Yes, Europe Has Not Needed AC in the Past. Let’s Keep it That Way.

This a response to Victor Pellicero Calvo’s article titled  “Quit the Banter, Europe Needs Air Conditioning”.

There is no questioning that as the world becomes warmer, human lifestyles will have to adapt to harsher climates. However, adaptation must not come at the cost of worsening climate change. Building more air conditioning (AC) is not the answer. Hong Kong, a highly-developed city of 7 million with a tropical climate, spends 30% of its energy on AC. How is this energy produced? Primarily through Chinese coal plants. Indeed, the prospects of renewable energy are high, and the original article does tackle this dilemma.

If we could invest in renewables enough to compensate for the increased energy needs of AC, then surely we could and should build more AC. However, we have not yet reached the stage at which renewables constitute a significant share of our electricity production. The sector’s growth is too slow. We should focus on replacing current polluting energy production with renewables, rather than leave them in place and build more renewables to power more energy consumption. AC is a luxury, not a necessity. Increasing energy consumption is not a sustainable way to tackle climate change. Changing our energy production methods is useless if we do not consume less.

It is clear that AC is crucial in many situations. The argument here is not to destroy all AC units and let people suffer in the sun. We need AC for vulnerable populations like the elderly. However, what we need most is to invest in sustainable climate change coping mechanisms that do not worsen it. These exist, like the traditional Moroccan houses turned on the inside to reduce exposure to sunlight, or like the Greek houses painted white to deflect solar radiation. Chandigarh, a new city of 1.5 million in India built post-WWII, does not need AC for its massive public buildings thanks to innovative climate-aware architecture, despite temperatures reaching 45 Celsius. Modern technologies exist too, with window films capable of deflecting radiation and keeping the insides of buildings cool. These building solutions let us create long-lasting sustainable energy-saving situations.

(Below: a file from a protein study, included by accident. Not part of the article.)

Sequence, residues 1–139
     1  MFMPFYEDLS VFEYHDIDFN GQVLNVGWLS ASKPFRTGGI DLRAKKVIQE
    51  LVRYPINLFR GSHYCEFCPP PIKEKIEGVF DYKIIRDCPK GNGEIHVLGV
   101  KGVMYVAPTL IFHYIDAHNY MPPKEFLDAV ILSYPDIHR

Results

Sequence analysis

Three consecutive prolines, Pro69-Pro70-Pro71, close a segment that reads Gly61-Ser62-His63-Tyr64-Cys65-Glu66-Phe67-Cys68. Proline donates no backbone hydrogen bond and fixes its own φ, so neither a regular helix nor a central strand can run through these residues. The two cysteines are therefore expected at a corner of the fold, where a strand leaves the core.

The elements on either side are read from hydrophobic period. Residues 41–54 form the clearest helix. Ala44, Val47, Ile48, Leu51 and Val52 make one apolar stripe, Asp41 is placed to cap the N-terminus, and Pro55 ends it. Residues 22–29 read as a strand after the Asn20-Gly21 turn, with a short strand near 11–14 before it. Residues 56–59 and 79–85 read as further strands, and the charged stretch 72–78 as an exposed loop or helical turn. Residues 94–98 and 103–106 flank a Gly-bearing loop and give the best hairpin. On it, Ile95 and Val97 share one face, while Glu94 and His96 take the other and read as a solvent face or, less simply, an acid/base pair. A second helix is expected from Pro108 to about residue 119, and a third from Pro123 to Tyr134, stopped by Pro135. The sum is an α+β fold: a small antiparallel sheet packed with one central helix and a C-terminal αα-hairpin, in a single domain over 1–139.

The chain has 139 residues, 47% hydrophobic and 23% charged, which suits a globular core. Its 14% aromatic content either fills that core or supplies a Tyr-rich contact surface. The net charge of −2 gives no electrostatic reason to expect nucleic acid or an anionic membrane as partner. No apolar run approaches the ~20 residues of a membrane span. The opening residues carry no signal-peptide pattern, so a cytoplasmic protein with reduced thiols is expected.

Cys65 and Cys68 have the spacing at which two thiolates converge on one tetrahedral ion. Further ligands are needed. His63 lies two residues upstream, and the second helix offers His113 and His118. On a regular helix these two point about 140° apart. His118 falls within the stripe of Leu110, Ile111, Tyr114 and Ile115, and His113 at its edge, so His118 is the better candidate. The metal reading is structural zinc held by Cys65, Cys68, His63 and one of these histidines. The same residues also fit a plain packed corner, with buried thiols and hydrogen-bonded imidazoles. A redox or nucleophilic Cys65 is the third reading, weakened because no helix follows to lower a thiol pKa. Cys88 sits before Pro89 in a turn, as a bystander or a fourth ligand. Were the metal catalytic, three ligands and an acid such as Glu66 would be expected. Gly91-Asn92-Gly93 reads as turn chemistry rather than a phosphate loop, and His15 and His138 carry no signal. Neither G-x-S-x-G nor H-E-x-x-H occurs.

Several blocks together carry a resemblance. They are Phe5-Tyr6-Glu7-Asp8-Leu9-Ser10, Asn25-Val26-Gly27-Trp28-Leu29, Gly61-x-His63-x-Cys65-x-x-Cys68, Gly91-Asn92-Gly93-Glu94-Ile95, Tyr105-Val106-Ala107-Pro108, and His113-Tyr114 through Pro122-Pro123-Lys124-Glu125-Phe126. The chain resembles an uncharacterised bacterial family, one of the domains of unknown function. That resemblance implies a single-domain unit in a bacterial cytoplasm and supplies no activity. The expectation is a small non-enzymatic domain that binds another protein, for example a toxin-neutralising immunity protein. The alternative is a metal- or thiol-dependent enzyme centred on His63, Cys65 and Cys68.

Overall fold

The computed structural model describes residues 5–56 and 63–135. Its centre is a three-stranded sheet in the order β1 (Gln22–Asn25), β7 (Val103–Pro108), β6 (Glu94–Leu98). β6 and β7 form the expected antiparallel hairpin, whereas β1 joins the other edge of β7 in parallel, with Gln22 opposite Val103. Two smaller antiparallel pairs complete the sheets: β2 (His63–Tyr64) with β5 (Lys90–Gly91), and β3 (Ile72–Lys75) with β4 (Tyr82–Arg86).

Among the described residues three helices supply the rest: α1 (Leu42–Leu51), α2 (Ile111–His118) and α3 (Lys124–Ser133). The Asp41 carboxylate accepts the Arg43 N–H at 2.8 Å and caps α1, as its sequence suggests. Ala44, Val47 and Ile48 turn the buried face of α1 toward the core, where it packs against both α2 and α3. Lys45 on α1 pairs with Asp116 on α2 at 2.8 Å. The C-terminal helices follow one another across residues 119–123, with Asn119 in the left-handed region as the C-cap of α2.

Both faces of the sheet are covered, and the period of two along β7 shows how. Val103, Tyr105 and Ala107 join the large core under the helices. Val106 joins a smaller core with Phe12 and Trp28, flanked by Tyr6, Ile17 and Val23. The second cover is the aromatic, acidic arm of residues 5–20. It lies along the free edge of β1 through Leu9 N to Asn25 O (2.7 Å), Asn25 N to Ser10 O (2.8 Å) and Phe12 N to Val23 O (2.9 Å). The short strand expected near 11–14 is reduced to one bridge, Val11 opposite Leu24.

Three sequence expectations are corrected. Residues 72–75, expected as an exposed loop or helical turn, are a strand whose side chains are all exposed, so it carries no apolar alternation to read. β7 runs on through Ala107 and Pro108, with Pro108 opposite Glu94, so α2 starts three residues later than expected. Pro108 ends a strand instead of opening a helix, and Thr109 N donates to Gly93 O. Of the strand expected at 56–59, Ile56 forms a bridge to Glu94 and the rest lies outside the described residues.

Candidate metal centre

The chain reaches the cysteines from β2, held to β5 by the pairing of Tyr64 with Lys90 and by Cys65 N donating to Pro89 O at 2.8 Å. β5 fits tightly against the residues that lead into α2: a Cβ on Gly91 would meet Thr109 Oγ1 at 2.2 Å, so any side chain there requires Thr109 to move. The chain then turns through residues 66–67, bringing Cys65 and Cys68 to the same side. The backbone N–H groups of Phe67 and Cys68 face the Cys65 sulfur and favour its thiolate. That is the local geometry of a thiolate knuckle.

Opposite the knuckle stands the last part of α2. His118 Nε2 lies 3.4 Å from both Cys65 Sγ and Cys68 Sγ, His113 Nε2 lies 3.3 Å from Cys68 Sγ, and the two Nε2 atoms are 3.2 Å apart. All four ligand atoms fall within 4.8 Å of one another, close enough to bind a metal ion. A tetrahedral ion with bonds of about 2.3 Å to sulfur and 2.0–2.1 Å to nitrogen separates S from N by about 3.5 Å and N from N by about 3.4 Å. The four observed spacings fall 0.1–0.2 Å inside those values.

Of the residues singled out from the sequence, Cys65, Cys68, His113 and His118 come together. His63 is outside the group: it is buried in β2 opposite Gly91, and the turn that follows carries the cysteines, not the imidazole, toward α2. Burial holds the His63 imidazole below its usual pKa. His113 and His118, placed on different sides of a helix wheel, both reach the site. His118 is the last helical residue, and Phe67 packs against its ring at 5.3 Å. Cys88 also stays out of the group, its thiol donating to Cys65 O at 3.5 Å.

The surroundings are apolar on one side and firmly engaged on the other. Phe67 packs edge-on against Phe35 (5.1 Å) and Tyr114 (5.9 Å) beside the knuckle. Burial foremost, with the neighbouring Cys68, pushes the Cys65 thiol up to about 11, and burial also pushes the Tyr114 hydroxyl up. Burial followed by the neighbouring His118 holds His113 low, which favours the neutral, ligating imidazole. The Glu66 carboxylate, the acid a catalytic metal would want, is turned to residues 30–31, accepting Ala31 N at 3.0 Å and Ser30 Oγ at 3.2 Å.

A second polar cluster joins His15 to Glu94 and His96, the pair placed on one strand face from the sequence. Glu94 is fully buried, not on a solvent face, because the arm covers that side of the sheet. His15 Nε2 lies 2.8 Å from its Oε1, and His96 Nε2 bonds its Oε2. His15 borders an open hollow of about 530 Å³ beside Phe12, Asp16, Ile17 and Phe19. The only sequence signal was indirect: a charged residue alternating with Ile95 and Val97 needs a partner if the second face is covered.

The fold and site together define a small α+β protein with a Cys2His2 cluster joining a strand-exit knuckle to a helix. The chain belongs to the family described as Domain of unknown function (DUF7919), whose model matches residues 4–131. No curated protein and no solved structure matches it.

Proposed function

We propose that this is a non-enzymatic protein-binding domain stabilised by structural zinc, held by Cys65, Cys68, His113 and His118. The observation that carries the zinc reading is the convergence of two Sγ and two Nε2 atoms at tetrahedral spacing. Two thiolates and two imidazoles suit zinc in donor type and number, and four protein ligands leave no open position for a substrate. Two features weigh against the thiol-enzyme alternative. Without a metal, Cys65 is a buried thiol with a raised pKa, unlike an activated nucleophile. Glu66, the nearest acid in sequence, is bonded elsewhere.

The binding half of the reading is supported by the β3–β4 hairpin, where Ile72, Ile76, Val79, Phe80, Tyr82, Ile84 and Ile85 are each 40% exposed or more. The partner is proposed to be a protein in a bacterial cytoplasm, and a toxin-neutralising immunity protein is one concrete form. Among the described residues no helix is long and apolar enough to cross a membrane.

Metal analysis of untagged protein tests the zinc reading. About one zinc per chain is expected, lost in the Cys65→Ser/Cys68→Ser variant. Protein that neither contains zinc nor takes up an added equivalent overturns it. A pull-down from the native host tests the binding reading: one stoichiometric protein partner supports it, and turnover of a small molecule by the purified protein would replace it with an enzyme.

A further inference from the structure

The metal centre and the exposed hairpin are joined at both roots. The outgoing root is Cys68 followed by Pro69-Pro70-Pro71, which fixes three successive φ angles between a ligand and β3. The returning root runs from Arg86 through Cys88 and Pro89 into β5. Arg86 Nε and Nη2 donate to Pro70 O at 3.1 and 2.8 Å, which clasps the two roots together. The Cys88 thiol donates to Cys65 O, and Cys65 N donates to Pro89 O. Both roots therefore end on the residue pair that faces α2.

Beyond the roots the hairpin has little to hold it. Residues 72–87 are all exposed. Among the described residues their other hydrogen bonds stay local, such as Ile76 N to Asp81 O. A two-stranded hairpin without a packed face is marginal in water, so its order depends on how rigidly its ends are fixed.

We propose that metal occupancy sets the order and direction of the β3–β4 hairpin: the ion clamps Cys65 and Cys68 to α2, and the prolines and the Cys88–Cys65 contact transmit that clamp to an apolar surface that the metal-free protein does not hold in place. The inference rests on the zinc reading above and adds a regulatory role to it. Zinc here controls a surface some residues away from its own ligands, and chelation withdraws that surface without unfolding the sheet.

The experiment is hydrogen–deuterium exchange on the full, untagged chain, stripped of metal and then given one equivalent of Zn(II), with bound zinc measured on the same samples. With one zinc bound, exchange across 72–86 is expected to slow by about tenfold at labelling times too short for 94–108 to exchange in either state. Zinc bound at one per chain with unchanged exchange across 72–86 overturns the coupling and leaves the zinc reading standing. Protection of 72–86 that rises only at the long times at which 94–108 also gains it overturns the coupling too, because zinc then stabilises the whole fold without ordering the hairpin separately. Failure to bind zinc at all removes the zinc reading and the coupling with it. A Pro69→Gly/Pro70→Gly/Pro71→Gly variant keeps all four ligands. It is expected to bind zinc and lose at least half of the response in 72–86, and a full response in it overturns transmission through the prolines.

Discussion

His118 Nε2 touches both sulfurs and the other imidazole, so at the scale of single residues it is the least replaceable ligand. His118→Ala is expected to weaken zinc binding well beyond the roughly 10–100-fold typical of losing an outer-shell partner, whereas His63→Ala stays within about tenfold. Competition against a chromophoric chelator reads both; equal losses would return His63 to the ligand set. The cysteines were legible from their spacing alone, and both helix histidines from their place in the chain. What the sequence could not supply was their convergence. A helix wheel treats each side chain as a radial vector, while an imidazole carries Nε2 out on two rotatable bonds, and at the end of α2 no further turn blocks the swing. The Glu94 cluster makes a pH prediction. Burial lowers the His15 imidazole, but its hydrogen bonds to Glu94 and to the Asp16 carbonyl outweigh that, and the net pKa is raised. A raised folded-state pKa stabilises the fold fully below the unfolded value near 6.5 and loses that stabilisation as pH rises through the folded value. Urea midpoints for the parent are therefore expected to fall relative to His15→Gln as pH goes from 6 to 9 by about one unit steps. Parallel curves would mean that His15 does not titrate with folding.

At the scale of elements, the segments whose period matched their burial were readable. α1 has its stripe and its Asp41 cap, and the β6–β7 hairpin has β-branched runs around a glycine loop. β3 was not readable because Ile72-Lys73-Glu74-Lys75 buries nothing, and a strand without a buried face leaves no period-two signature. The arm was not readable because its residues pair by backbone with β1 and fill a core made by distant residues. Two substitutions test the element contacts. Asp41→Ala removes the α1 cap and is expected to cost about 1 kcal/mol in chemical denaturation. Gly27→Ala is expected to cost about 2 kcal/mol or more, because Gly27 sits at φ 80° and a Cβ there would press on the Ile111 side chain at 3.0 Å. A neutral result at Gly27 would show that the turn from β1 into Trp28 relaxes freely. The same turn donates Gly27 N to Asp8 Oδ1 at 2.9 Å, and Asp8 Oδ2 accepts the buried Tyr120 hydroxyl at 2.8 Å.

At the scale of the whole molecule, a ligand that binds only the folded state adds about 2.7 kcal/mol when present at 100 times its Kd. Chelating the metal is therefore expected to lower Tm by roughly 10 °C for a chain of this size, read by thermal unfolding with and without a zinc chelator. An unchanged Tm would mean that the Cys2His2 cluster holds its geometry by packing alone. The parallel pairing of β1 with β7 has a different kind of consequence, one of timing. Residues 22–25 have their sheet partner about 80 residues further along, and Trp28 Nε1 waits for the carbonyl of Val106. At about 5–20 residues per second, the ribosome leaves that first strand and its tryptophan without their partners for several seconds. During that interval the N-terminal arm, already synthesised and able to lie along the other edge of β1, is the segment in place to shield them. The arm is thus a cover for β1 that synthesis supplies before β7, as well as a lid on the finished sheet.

The other great issue is that people do not know how to use AC. Too many giant malls are kept at 16 Celsius when outdoor temperatures reach 35 Celsius, with doors kept wide open, in a horrendous display of inefficiency and energy waste. This leads to numerous costs, with workers being less productive because they are too cold, and people getting sick because of temperature differences between indoor and outdoor temperatures. AC units are also generally poorly cleaned, making them hotbeds for microbes. AC will also increase pollution linked to energy production, leading to associated diseases.

Building more AC is a lazy solution that indicates that we are ready for more lazy options when tackling climate change. We need innovation, and we need to keep our heads and hopes high. Now is not the time to give up.

Clement Francony 

Fiederer, Luke. 2018. AD Classics: Master Plan for Chandigarh / Le Corbusier. 6 October. https://www.archdaily.com/806115/ad-classics-master-plan-for-chandigarh-le-corbusier.

2016. Hong Kong’s obsession with air conditioning is bad for us all. 7 October. https://www.scmp.com/comment/insight-opinion/article/2025857/hong-kongs-obsession-air-conditioning-bad-us-all.

2013. «Smart Use of Electricity.» HK Electric, Hong Kong.

 

Photo by Vladislav Nikonov on Unsplash

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